If you think you might miss the longer zoom, one thought is to pick up a (non-PRO) 40-150mm. Very light, small, good quality photos, and while not weatherproof they only go for about $90 or less second hand. So not one you would have to be too worried about it if it got wet, was dropped, you fell on your pack and it took the brunt, etc.
     
    • Agree Agree x 1
  14. tonyturley

    tonyturley Mu-43 Veteran

    374
    Nov 19, 2014
    Thanks again, everyone. I've been thinking that keeping the 45-175 may be prudent, as well as picking up the 12-35 2.8. That appears to be the best balance of weight, size, and IQ.
     
    • Agree Agree x 1
  15. Dave Jenkins

    Dave Jenkins Mu-43 Veteran

    I find the Panasonic 14-140 version II to be a great general-purpose lens. On a recent trip to Alaska, I took a Canon 6D with 24-85 and 75-300mm lenses and an Oly EM5 with the Panny 14-140 and Panny 20mm f1.7. After the first few days, I only carried the EM5 with the 14-140 -- everything else stayed in the hotel room! Here's my favorite shot from the trip -- Dall sheep grazing on a mountain in Denali National Park, and a 100% crop of that shot. P8318050_resize.JPG P8318050--100% crop.
     
    • Like Like x 4
  16. Clint

    Clint Mu-43 All-Pro

    Apr 22, 2013
    San Diego area, CA
    Clint
    Trying to pick just one lens for mountain climbing, hiking, biking etc. provoked me to no end!!!!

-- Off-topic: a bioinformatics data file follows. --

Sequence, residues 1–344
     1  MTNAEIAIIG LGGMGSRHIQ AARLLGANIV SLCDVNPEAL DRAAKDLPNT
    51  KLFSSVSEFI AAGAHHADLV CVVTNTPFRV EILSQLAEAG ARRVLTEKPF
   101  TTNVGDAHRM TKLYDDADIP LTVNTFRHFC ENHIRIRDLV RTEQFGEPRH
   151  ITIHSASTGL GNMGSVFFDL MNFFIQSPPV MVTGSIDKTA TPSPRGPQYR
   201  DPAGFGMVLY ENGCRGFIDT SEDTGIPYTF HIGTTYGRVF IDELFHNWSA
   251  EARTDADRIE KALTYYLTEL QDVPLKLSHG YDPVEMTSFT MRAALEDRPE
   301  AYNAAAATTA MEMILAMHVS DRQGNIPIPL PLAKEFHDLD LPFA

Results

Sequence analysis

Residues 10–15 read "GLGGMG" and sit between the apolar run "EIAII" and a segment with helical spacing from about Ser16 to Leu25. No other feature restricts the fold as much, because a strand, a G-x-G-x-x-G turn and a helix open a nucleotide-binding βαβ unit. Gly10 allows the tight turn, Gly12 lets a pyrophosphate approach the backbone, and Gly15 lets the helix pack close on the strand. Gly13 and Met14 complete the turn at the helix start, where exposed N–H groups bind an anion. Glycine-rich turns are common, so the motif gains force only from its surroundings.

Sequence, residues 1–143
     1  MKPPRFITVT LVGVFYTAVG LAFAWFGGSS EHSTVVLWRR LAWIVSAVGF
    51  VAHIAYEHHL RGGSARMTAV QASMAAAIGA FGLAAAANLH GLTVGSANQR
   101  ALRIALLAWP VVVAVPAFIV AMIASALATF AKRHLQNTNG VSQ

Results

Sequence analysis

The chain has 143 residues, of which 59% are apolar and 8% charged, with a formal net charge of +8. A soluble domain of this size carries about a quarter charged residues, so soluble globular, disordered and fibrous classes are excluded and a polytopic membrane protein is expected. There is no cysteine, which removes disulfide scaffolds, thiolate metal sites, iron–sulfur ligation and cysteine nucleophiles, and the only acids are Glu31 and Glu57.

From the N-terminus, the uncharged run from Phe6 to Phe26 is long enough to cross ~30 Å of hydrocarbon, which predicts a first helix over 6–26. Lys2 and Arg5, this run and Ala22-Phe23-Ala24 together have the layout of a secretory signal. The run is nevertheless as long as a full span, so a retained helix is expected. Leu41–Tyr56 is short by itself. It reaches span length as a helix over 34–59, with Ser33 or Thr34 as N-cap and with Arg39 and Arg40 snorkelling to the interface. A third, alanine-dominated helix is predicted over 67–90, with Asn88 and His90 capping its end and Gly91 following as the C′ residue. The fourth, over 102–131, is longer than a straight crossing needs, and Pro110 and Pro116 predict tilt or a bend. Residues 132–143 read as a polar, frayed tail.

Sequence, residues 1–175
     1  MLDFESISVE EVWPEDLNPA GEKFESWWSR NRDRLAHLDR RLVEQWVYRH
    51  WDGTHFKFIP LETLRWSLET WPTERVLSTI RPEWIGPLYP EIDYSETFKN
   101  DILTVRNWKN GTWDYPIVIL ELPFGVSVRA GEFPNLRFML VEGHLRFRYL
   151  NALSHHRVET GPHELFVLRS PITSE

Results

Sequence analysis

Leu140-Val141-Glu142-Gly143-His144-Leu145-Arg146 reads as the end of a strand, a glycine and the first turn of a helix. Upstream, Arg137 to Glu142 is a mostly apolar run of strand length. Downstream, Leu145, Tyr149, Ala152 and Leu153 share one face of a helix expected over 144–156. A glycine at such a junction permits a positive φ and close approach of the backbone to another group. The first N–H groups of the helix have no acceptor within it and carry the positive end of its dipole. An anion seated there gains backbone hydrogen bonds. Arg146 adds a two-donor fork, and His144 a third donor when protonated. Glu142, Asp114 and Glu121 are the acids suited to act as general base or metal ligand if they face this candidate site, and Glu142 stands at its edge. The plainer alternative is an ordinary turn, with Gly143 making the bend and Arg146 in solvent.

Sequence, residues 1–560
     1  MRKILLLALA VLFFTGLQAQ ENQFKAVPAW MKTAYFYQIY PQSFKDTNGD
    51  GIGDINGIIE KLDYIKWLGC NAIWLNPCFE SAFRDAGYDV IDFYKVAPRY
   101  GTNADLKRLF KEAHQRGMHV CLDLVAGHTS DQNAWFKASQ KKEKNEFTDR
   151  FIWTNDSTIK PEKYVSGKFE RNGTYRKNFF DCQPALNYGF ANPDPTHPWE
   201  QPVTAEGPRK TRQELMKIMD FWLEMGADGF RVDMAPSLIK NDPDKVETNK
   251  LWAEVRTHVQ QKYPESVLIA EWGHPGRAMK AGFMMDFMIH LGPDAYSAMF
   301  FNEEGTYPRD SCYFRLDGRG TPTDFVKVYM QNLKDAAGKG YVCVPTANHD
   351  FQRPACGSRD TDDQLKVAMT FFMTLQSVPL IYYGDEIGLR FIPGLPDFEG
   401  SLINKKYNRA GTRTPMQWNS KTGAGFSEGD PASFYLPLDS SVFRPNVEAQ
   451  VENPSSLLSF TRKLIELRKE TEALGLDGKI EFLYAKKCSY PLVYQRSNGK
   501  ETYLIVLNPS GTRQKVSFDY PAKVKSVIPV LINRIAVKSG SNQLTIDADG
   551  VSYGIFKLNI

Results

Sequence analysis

And the reason I kept the often underrated Olympus 12-50mm lens. The near macro focusing capability had a lot to do with the choice.

    While the Panasonic 12-35mm f/2.8 is an outstanding lens I chose the Olympus 12-40 f/2.8 for its closer focusing and larger image magnification (nearly double) over the 12-35mm at closet focusing distances. For me the image magnification outweighed the small amount of size and weight increase. Since acquiring the 12-40mm lens the 12-50mm seldom comes out with me.

    Yet, because I often feel I need something longer, I’ll also take the Panasonic 35-100mm f/2.8.
     
    • Like Like x 1
    • Informative Informative x 1
  17. tonyturley

    tonyturley Mu-43 Veteran

    374
    Nov 19, 2014
    I've changed my mind a bit since my OP. I re-purchased a Zuiko 4/3 14-54 Mk II, which I never should have sold in the first place. I also took advantage of a really good deal on a Zuiko 4/3 11-22mm. My hiking and daily kit now consists of the E-M1 plus one of the HG lenses in one compartment, the other HG lens in a second, and one of my film cameras in a third, all neatly tucked in a Lowepro Event Messenger 250. It is not as heavy as it sounds. I have carried the Lowepro with 3 cameras on hikes as long as 12 miles without discomfort.

    A lighter/smaller grab & go setup for casual occasions is the E-M5 + 20/1.7 and 45-175 in a small canvas messenger bag. I think this has me set for any occasion for a long time to come.

    TT
     
    Last edited: Apr 14, 2016
  18. Wisertime

    Wisertime Mu-43 All-Pro

    Aug 6, 2013
    Philly
    Steve
    I was just about to mention that as another option. I had the 12-40 (Twice) and for budget reasons sold them, I grabbed my 4th or 5th 14-54 MKii, which is as good, but slightly slower on the long end, but ridiculously cheap. I figured if I was going to carry the 12-40, the 14-54mm isn't that much bigger. When I need something smaller or lighter, I use primes or the 12-50 that works well with my filters.
     
    • Appreciate Appreciate x 1
  19. tonyturley

    tonyturley Mu-43 Veteran

    374
    Nov 19, 2014
    The ZD lenses do have a great IQ/$$ ratio. Their balance on the E-M1 is excellent, too.

    TT
     
  20. Biro

    Biro Mu-43 All-Pro

    May 8, 2011
    Jersey Shore
    Steve
    How is autofocus with the ZD lenses on the E-M1?